Bush defining own role for Saints

During his three short years in the NFL, Reggie Bush has already wooed the crowd with dazzling runs of every kind, from just about every position. Whether he is a punt returner, running back or wide receiver, Bush has successfully provided eye-popping plays which have consistently ended with a trip to the end zone. However, despite posting 3,149 yards and 20 touchdowns from the line of scrimmage, Bush has been criticized for what he hasn’t done.

Due to a knee injury, which Bush has declared to be fully rehabilitated, he has missed 10 games over the last two seasons. His critics have also chosen to declare him a running back who lacks the ability to successfully run between the tackles and excel in short yardage and goal-line situations. To that Bush says, “That’s absolutely crazy. There is plenty of footage of me running between the tackles. I do need to improve on my inside runs. It’s been slow to come, but I know hard work does pay off.”

Bush understands that an improved overall running game will add a deadly balance to an already potent Saints offense.

“Pierre Thomas and I both need to step our game up,” says Bush. “But it takes 11 guys to affect the run game, not just one.”

While many outside the Saints organization want to cast Bush as unsuitable for the role of inside power runner, he and many inside the building are comfortable with his role.

“My desired role is doing what I’ve always done,” says Bush. “Split out wide, run the ball and play special teams in the return game. My job title is creating headaches for coaches and provide matchup problems.”

His GM, Mickey Loomis, supports Bush by stating, “He doesn’t have to be a between-the-tackle runner, it’s not what we expected. We talked about his role in the offense before we took him in the 2006 draft and Sean Payton said, ‘I have a package for him,’ and knew he would be a special player.” For a creative play-caller like Payton, Bush is the ultimate weapon. Payton explained that in his role, Bush has made his offense better.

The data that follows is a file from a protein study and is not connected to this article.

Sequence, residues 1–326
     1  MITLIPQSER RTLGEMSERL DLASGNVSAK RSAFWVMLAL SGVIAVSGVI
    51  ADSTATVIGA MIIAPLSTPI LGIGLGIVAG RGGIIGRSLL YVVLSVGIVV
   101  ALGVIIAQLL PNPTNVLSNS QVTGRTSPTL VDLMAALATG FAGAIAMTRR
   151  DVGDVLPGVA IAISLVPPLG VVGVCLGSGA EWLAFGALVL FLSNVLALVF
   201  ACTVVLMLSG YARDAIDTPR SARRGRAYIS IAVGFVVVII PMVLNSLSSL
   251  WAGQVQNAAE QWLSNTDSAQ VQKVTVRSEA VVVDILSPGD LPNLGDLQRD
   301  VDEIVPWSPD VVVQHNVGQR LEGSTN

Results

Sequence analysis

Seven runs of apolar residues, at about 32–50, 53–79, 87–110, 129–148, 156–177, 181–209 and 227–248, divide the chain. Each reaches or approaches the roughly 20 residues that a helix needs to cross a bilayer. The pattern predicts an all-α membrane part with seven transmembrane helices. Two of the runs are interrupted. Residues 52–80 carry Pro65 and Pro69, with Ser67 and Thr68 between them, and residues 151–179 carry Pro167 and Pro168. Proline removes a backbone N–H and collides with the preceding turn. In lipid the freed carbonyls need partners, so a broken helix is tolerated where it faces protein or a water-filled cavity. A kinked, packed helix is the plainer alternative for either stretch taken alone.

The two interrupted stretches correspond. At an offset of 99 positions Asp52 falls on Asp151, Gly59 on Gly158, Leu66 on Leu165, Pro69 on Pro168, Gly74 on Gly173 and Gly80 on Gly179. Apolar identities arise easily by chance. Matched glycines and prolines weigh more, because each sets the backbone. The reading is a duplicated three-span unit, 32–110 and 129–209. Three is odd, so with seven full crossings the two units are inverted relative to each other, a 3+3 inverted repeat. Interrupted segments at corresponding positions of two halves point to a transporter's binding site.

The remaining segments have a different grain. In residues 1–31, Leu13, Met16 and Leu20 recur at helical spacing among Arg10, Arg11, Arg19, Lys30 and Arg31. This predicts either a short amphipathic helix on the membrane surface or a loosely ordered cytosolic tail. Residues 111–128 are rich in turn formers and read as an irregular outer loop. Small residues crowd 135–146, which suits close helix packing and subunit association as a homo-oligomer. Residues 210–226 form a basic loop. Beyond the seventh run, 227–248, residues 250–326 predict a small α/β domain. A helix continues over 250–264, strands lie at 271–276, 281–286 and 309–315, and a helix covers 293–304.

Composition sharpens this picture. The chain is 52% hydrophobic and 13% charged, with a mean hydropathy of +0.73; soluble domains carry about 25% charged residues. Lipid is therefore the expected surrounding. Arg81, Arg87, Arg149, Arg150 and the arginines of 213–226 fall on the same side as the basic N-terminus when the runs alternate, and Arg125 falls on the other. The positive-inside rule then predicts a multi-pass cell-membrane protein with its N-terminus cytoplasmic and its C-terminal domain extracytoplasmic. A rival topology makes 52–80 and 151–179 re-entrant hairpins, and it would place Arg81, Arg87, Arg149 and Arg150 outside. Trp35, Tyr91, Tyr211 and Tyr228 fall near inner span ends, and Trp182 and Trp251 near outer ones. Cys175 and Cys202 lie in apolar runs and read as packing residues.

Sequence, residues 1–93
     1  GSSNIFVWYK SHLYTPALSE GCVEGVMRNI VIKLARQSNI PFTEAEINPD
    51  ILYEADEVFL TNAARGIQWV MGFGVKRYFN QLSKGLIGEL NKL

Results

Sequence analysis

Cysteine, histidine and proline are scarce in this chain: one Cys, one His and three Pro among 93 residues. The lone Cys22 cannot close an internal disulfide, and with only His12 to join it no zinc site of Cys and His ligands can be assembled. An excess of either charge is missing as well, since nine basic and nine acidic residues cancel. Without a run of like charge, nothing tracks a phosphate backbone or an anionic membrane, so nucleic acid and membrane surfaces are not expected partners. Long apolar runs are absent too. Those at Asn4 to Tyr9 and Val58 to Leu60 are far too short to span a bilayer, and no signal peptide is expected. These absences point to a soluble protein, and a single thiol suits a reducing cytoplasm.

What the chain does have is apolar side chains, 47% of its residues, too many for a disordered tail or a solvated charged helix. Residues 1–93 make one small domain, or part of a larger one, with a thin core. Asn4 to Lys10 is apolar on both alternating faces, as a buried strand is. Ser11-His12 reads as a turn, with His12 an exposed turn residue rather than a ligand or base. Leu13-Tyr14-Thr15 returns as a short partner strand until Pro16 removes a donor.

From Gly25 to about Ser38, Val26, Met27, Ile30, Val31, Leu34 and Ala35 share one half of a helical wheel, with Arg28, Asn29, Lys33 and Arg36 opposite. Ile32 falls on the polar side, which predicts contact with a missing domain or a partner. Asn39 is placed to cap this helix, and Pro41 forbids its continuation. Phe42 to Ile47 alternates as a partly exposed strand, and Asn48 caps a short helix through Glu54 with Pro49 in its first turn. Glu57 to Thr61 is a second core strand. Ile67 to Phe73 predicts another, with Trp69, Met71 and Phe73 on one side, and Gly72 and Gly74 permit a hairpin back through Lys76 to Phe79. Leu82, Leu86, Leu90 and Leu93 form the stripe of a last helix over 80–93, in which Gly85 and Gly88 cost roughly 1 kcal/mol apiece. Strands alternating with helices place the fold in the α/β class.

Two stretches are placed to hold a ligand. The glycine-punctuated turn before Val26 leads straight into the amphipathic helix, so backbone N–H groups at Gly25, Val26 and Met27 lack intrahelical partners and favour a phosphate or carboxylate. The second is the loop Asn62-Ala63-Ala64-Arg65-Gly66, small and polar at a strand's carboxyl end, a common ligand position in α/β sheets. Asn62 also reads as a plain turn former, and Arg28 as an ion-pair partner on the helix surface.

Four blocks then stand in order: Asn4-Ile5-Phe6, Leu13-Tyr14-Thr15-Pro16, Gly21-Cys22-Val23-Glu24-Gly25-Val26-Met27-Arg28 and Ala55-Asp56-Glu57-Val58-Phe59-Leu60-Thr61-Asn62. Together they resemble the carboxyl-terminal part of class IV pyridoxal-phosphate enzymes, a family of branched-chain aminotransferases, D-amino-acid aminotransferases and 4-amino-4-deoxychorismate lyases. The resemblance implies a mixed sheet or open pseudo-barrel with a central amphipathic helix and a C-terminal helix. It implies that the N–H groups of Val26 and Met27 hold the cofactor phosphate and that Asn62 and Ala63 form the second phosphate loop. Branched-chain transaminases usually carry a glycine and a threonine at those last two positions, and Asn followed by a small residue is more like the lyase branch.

“My goal,” said Payton, “is to keep him healthy with the proper pitch count and get him touches at punt return, running back and wide receiver. He has now evolved into a more mature player who knows the offense. Even Jon Gruden told me that he had nightmares with us using Reggie like we have.”

For everyone who wants Bush to be their kind of runner, try allowing him to be his own kind of runner. Just as we watched Gale Sayers and Barry Sanders create a new artistic form of running, we should allow Bush to freely find his own road to the end zone.

The key for any running back is to avoid negative yards while seeking daylight to run. Bush is a natural, instinctive runner who has been finding the end zone since he first laced up a pair of cleats. Let’s not confine him to the runner’s box, which exist in our own minds. Rather, let’s allow him and his coaches to define his role, and let’s see where it will lead.

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